As my grandfather said, there’s more than one way to skin a cat.* And there’s more than one way to track properties in foreclosure.
Now before I get a bunch of hate mail from the local Realtors and other real estate types, let me say that the residential property market in most of the state is in pretty good shape. In Oklahoma, we haven’t seen the kind of runaway, double-digit increases in home values that some parts of the country have seen in the last five years.
As my colleague, Real Estate Editor Richard Mize, likes to say, “There is no national housing market.” We’re a patchwork of local markets, with some doing better or worse than others. Tracking foreclosures in most markets is no easy feat, especially when much of the data comes from courthouse data that isn’t readily available online in many markets.
As Bialik points out in his column, the main media sources for foreclosure stats are the Mortgage Bankers Association, RealtyTrac and First American CoreLogic. All three have varying methodologies to their data gathering, which gives a slightly different picture to the foreclosure rates in particular communities.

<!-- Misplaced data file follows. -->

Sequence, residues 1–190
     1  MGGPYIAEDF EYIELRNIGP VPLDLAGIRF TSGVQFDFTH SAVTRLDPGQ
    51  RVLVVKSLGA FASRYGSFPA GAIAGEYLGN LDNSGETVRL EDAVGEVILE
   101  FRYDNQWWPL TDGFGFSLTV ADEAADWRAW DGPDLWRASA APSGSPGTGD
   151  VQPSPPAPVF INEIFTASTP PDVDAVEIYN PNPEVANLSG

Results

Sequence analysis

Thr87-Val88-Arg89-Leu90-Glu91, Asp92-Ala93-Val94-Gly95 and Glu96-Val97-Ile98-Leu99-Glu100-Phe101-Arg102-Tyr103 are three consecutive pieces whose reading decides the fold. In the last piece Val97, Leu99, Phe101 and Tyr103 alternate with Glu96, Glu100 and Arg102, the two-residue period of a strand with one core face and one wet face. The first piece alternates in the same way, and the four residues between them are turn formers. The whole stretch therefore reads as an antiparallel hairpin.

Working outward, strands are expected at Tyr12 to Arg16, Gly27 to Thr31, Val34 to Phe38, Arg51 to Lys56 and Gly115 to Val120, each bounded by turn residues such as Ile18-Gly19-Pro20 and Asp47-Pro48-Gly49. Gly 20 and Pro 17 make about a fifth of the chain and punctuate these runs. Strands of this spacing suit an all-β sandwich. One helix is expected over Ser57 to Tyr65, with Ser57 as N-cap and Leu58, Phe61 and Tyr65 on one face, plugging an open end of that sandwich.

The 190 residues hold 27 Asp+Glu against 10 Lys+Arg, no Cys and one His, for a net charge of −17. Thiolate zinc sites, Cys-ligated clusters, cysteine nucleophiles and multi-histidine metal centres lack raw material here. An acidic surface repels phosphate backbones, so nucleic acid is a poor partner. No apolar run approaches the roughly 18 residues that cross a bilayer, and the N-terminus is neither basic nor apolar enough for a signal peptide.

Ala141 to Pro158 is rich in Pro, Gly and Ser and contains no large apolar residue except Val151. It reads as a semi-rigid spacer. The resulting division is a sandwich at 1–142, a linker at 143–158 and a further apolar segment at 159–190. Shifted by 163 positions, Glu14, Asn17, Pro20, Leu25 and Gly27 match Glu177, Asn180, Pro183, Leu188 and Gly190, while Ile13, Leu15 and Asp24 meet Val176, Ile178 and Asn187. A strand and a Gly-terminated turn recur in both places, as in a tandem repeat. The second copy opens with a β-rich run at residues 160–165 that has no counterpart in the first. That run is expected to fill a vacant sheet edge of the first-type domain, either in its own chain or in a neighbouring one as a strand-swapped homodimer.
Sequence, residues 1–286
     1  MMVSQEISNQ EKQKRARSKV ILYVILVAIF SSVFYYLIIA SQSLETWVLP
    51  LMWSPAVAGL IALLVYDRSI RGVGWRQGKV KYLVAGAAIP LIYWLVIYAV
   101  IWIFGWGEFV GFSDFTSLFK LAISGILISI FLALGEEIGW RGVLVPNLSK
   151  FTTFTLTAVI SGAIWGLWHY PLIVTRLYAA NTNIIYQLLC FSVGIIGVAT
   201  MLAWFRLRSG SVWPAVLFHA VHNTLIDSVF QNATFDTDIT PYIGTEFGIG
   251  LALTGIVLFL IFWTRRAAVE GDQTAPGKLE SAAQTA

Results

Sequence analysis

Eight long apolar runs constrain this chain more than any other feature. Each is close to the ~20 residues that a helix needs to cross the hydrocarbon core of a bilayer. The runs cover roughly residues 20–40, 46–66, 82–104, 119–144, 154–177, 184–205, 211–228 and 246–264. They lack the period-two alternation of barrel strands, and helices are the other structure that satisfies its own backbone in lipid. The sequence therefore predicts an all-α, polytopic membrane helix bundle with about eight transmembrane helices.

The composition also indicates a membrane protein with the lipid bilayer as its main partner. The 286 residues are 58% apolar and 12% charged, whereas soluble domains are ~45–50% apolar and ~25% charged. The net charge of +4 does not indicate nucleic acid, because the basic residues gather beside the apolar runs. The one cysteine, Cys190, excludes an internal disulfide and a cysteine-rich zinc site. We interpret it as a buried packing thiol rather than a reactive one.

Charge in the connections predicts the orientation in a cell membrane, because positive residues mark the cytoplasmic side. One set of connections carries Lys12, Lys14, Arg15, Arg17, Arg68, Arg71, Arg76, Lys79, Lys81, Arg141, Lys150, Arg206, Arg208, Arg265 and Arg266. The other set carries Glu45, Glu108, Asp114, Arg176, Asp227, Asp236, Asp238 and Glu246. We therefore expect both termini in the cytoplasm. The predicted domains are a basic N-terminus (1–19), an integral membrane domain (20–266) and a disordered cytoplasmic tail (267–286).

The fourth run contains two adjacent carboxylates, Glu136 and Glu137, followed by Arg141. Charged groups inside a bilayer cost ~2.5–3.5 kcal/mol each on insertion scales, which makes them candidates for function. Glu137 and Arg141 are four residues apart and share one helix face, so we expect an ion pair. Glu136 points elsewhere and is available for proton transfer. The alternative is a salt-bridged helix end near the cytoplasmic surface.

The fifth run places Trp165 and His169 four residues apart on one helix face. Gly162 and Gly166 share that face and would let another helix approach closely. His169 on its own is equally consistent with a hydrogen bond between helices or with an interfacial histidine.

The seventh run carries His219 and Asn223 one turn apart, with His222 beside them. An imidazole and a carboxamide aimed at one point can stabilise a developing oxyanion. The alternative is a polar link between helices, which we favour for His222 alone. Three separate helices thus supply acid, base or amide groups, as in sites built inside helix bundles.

Compounding the difficulty is that foreclosure is at its heart a legal process. So your home can be placed into foreclosure, but you might work something out with your lender before it actually runs the full course of the foreclosure process. Some of the private companies tracking foreclosure activity actually report it at several different points in the process, making the numbers a little murkier.
One thing is clear, though. If your property has made it to this list, it’s probably too late.
*Sorry, PETA fans.
Written by Paul Monies